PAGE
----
French Santee, A Huguenot Settlement in Colonial South Carolina

French Santee, A Huguenot Settlement in Colonial South Carolina is in local bookstores and the response from our readers to all those years of research is gratifying! We thank you for your kind calls, emails and notes. We are pleased that we have provided so many of you with “a vivid image of our ancestors’ lives in colonial South Carolina” and that we have given you new links to pursue in your own genealogical lines.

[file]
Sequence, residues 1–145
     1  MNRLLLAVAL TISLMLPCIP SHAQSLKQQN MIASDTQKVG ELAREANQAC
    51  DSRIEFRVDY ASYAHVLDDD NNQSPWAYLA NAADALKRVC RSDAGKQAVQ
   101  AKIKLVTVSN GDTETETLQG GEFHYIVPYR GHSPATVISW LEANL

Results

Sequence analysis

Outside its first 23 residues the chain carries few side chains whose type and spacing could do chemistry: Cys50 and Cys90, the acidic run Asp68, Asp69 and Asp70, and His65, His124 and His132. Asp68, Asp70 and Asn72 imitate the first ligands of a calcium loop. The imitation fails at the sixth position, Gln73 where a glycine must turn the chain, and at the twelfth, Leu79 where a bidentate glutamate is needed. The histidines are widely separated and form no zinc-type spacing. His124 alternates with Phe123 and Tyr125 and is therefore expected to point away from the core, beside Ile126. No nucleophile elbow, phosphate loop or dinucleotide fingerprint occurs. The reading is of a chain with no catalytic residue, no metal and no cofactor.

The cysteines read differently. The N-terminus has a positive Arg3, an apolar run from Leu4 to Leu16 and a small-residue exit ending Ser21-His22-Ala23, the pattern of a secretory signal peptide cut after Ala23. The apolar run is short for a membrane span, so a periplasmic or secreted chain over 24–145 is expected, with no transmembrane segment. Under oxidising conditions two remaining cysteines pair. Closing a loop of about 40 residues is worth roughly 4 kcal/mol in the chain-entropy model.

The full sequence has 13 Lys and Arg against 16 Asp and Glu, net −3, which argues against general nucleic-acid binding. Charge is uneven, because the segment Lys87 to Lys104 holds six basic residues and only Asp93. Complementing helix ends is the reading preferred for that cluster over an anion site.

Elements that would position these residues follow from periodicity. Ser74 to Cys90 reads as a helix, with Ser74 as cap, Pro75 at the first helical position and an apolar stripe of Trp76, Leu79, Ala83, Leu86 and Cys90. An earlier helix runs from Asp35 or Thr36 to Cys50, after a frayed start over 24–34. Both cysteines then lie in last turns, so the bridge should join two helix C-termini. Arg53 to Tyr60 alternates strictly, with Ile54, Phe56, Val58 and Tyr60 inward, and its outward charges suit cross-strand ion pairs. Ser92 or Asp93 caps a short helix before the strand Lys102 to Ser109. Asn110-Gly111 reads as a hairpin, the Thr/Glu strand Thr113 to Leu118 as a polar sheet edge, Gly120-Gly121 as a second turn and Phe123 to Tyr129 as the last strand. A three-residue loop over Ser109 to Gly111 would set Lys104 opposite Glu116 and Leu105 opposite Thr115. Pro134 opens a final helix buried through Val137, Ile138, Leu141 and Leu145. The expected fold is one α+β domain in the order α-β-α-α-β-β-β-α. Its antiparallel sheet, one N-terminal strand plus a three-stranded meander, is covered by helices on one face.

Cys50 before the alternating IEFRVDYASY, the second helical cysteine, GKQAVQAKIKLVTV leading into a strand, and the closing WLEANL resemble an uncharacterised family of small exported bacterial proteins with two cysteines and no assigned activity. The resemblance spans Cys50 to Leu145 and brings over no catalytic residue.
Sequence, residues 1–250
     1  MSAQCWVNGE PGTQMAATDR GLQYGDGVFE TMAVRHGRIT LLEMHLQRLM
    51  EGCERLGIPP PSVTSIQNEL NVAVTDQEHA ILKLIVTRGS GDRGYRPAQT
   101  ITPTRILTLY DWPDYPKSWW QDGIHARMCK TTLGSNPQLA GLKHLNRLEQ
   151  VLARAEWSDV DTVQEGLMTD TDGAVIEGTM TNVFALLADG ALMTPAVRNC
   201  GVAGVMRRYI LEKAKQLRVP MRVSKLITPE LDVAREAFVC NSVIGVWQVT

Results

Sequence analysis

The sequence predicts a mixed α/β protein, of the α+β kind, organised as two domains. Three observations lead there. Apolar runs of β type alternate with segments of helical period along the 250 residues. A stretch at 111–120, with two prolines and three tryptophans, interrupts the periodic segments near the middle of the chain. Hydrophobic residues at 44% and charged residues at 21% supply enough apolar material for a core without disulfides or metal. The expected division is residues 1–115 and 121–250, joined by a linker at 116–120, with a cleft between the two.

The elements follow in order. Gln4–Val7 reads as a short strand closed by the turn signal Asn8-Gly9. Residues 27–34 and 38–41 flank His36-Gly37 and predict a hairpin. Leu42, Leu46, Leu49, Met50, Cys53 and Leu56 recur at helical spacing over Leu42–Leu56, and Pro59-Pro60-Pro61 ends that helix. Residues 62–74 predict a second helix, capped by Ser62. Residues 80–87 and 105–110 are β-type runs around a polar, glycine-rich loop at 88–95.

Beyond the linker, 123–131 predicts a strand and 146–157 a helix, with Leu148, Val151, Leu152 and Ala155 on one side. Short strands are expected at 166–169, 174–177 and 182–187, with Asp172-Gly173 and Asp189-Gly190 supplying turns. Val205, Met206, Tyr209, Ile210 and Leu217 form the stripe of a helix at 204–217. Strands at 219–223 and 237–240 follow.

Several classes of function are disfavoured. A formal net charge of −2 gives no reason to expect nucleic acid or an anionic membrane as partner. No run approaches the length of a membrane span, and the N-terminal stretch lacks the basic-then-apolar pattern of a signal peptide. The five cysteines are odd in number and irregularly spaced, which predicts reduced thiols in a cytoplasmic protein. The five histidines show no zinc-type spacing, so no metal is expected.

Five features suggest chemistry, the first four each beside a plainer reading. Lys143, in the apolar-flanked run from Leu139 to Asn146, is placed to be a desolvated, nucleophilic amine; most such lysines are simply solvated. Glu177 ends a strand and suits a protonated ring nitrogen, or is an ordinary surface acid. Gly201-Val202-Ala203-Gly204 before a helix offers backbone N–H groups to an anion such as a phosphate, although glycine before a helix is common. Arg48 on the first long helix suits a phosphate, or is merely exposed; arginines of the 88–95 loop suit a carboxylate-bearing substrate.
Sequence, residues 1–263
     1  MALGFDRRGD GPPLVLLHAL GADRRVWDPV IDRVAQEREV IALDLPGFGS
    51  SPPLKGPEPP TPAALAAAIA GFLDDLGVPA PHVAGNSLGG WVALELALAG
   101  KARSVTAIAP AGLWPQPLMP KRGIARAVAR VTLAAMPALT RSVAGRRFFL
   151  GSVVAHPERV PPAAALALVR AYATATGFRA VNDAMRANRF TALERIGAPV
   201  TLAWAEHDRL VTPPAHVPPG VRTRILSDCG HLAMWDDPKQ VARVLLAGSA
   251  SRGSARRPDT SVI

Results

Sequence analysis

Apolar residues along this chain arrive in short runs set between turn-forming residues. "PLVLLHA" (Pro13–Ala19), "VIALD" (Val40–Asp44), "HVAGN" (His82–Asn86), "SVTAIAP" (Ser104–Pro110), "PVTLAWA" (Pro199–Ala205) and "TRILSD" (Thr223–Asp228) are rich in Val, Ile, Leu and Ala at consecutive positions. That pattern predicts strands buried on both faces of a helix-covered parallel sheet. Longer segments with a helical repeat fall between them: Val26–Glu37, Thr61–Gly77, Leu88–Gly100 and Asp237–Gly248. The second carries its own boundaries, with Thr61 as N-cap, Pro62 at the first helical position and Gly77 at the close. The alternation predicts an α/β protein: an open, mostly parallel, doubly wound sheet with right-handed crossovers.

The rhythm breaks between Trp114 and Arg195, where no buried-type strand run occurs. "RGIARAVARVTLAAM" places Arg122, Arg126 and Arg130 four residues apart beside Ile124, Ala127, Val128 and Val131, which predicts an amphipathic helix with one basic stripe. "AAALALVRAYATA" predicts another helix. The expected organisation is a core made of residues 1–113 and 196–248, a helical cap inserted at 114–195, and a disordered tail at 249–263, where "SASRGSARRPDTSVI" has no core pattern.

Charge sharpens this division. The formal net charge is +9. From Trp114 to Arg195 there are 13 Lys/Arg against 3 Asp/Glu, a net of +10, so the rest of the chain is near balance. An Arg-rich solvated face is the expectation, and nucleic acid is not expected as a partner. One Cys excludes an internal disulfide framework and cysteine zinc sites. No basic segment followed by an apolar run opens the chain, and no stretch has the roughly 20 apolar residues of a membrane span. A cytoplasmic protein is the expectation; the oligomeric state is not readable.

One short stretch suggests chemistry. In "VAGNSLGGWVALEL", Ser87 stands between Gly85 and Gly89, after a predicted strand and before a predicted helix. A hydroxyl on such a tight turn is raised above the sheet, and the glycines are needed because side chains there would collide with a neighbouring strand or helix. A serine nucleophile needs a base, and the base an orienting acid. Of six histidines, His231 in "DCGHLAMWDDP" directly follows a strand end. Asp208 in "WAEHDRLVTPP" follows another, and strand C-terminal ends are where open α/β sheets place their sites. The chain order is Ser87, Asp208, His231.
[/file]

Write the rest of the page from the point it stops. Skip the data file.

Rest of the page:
As many of you have commented, it is a book rich in details – a book that can be dipped into and savoured over time. And the reader is not limited to reading just their own family’s history. The French settlement on the Santee River was a community of families dependent on each other for survival. There is much to be learned from all their stories – from that of Pierre Robert, who came from Switzerland and was the first known minister of French Santee, and Claude Philippe de Richebourg, the minister whose house became a fortress during the Yemassee Indian War.  It tells how Pierre Royer, a tanner who lived on Echaw Creek, and Pierre Couillandeau, a blacksmith on the Santee River, contributed to the settlement. It is the account of the elderly nobleman Sieur Arnaud Bruneau who fled France at the age of 77 to bring his son and grandson to a land of religious freedom. And of young Andre Rembert, a shoemaker, who with his wife Anne Bressan crossed the Alps on foot  and settled at French Santee where they raised at least nine children. It is the story of the strong women like Rembert’s daughter  Marguerite who raised a large family and buried three husbands in the wilds of Carolina. It is the story of how all of these men and women struggled together to build a new future far from their beloved homelands.